THIS!!

Take a look at the Graphic to your right. Let it sink in. Think long and hard about the message. Think long and hard about what it actually is saying. It may not mean to say that but that is the message. Take along hard look because what you see there is very poor activism and advocacy that divides.

I am pretty sure that was not the intention but this is exactly what it does. It was first publicised on Facebook. A couple of us gently prodded the poster to let him know that it was not worded very well. We gently asked him if he could please reconsider it. Sadly, gentle prodding did not work and the graphic continues to do the rounds.

It’s a promotion from Hear For You. Hear For You are great. They support and mentor young Deaf and hard of hearing people. I can forgive them the name. It’s a very bad pun that basically highlights hearing as being the way. Of course it is not.  But its catchy and I like puns so I can forgive it. That said, it’s probably not a good name in the scheme of things and I reckon people should gently prod them to change it. Not that I think that they will.

Now, Hear For You is a mentor based group. I am an old fart now. I am 55 but I know a thing or two. I thought as kind of elder that has been around the block a few times I would mentor them as to why the graphic is wrong and dangerous. I am well aware that it was probably someone other than the young people that is pushing it. I will give them the other side of things

The graphic itself is absolutely correct. Auslan users are actually the minority. People with a hearing loss who do not sign are the vast majority. However, society has a fascination with sign language. They think everyone who is deaf can sign. I speak and I have lost count of the number of times that I have disclosed that I am deaf and then someone tries out their rudimentary sign language on me.

I know that they mean well. But I could be one of the 95 % of people with a hearing loss that do not sign. Cue embarrassment all round and awkwardness. Of course they could ask me if I sign and then I could confirm yes our no. But it rarely happens

And, of course, when it comes to access for people with a hearing loss it is nearly always sign language interpreters that come to the fore. I have written about this often. Live theatre is predominantly accessed through sign language interpreting. A smattering of live theatre is captioned. The balance of access is unfair. We all need to acknowledge this.

In the recent bushfire emergencies nearly everything was about sign language and its provision. The Deaf community even set up a page where people could report the non provision of interpreting for emergency announcements. A couple even made an impromptu video  urging that interpreters be on screen. Can you see the Interpreter. This was widely promoted via social media.

But you know what? Even though they focused on sign language they also acknowledged the need for captioning. They encouraged people who submitted posts about the need for interpreting to also state whether captioning was provided. They did that because they acknowledged advice stating that people with a hearing loss all over needed access and not just sign language users. What was an initial push for sign language interpreters actually provided advocacy for both signing and non signing people with a hearing loss.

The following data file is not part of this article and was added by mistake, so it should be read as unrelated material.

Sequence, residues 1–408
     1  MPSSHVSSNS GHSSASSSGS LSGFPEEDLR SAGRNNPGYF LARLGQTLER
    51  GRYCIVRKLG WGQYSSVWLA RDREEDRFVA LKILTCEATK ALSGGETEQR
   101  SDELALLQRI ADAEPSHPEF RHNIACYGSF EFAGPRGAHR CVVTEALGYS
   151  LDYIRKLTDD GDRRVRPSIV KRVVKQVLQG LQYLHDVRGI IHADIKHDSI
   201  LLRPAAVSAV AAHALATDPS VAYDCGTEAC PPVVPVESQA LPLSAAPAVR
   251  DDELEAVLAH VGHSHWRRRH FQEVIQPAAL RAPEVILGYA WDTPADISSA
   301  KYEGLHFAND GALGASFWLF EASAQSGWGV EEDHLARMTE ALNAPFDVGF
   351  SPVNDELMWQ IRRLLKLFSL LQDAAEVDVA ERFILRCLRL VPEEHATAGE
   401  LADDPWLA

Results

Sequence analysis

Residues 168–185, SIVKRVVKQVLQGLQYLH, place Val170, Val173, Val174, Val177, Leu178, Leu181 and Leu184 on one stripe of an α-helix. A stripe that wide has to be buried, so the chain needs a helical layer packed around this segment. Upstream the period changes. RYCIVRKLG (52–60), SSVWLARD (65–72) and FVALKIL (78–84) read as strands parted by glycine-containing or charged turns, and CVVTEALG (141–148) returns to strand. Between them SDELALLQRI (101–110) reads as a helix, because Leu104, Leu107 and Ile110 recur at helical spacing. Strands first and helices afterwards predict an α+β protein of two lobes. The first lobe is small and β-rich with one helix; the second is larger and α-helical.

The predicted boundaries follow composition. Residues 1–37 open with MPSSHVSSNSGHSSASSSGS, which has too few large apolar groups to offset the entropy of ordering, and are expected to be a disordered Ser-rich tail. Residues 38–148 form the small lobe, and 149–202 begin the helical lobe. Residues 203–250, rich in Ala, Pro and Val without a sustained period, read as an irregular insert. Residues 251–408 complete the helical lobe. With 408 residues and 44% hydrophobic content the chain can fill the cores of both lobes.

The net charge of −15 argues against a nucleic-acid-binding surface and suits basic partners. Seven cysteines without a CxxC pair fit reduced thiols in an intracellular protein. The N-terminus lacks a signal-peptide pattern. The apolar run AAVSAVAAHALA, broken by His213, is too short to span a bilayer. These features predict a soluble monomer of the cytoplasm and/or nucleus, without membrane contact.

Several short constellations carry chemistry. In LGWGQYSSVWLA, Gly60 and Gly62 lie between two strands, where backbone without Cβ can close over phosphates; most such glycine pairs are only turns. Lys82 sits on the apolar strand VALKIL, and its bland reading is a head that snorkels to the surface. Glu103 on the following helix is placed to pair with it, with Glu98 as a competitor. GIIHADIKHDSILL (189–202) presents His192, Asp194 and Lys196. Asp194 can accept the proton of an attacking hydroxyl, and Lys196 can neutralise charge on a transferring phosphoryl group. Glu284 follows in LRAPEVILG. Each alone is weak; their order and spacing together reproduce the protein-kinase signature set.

This is why the graphic at the start of this article is wrong. Why? Because inadvertently by highlighting that only a small percentage of people use sign language, without any other explanation, they made its sound like that sign language users do not matter because there are not many of them.

I am sure this was not the intent, but this is what came across and more than a few sign language users were miffed by the message. What ill thought out campaigns like this do is divide. They also reinforce the age old image of sign language being lesser in value than those that speak. Even if this wasn’t the intent, this is what happened.

A few years back the Royal Institute for Deaf and Blind children had a fund raising campaign that featured a teddy bear with no eyes and no ears. It was horrific and deficit based. I wrote a Rebuttal about it – You can read that here – I Saw a Bear

Within two days the CEO acknowledged how offensive the campaign was and started to withdraw the advertisements. No small task given that they were on billboards, bus shelters, publications and so on. But to their credit they listened. Hear For you – I urge you to do the same. Withdraw this campaign and work with the Deaf community to design one that is inclusive for all people with a hearing loss.

Because THIS is the right thing to do.

2 thoughts on “THIS!!

  1. Awesome!!!!!! Thanks for highlighting and bring ping this to attention… you always have such a gift in stating the issue. I barely restrained myself. Thank you.

  2. Good one Gaz, and unusually succinct. Comments like these flare up occasionally from HoH groups. What are they really saying? They want some of the attention that Auslan brings to Deaf people. Apart from being a standard bearer for a distinct community, Auslan renders deafness highly visible in a way that nothing else can. With high visibility comes political clout. HFY want some of that. Agree, it should work with the Deaf community. HoH and Deaf have more in common than HFY realise.

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